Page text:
Other systems filter the signals from the GPS system to provide some correction for selective availability. These techniques often use the Markovian principal. This only provides limited correction for selective availability.

SUMMARY OF THE INVENTION

The present invention provides a vehicle navigation system which provides correction for selective availability in a moving vehicle. In very general terms, the system determines the error, or some of the error, in the GPS signal based upon information from other systems, such a map matching or dead reckoning. Since the error in the GPS signal changes slowly, the determined error can be used subsequently to propagate the position of the vehicle for a peπod of time after the error is determined. Depending upon the information received from the other systems, the navigation system can correct for the error in terms of correcting the net effect of all of the errors from each of the GPS satellite signals, i.e. provide a correction to the position solution The navigation system may also deduce the error from each satellite individually. At times, the navigation system may only provide correction of the GPS solution m one dimension. The amount of correction provided and the amount of error which can be determined depends upon the type of information received from the other systems and the known uncertainty of that information.

BRIEF DESCRIPTION OF THE DRAWINGS Other advantages of the present invention will be readily appreciated as the same becomes better understood by reference to the following detailed descπption when considered in connection with the accompanying drawings wherein: Figure 1 is a schematic of the navigation system of the present invention installed in a vehicle,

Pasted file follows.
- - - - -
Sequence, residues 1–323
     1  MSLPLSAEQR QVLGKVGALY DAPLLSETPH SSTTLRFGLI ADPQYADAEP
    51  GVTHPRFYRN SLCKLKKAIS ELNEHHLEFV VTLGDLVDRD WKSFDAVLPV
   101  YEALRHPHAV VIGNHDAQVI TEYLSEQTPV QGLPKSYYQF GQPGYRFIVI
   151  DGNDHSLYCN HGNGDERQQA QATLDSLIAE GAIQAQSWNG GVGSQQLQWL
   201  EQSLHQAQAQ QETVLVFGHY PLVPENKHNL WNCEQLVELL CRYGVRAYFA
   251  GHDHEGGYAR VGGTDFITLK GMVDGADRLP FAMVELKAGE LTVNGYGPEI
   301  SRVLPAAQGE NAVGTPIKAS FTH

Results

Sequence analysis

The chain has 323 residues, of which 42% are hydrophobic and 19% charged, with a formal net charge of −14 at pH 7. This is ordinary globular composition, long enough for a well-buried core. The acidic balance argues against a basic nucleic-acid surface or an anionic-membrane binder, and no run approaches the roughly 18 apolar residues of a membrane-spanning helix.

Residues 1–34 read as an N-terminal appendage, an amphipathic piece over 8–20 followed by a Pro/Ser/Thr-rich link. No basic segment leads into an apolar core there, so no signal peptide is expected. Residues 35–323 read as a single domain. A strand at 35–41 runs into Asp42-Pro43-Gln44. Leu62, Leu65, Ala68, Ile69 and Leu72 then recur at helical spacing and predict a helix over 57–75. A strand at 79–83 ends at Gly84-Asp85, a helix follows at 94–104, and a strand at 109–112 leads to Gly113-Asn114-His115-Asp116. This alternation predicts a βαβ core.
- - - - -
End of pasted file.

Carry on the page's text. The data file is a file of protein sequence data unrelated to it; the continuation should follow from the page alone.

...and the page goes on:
Figure 2 illustrates how the navigation system of Figure 1 provides correction while travelling along several road segments; and

Figure 3 illustrates an alternative method to that shown in Figure 2.

DETAILED DESCRIPTION OF THE PREFERRED EMBODIMENT The navigation system 20 of the present invention is shown schematically in Figure 1. The navigation system 20 includes a CPU 22 having RAM 23 and connected to a display 24, such as a high resolution LCD or flat panel display. The CPU 22 is also connected to an input device 26 such as a mouse, keyboard, key pad, remote device or microphone Alternatively, the display 24 can be a touch screen display. The navigation system 20 further includes a storage device 28, such as a hard dπve 28 or CD ROM, connected to the CPU 22 The storage device 28 contains a database 29 including a map of all the roads in the area to be traveled by the vehicle 32 as well as the locations of potential destinations, such as addresses, hotels, restaurants, or previously stored locations. The software for the CPU 22, including the graphical user interface, route guidance, operating system, position-determining software, etc may also be stored in storage device 28 or alternatively in ROM or flash memory. The navigation system 20 preferably includes position and motion determining devices, such as a GPS receiver 34, a gyroscope 36, a compass 38, a wheel speed sensor 40 and a multi-axis accelerometer 42, all connected to the CPU 22 (connections not shown for simplicity). Such position and motion determining devices are well known and are commercially available. Generally, the position and motion determining devices determine the position of the vehicle 32 relative to the database of roads utilizing dead-reckoning, map- matching, etc. Further, as is known in navigation systems, the user can select a destination relative to the database of roads utilizing the input device 26 and the display 24. The navigation system 20 then calculates and displays a recommended route directing the driver of the vehicle 32 to the desired destination. Preferably, the navigation system 20 displays turn-by-turn instructions on display 24, guiding the driver to the desired destination.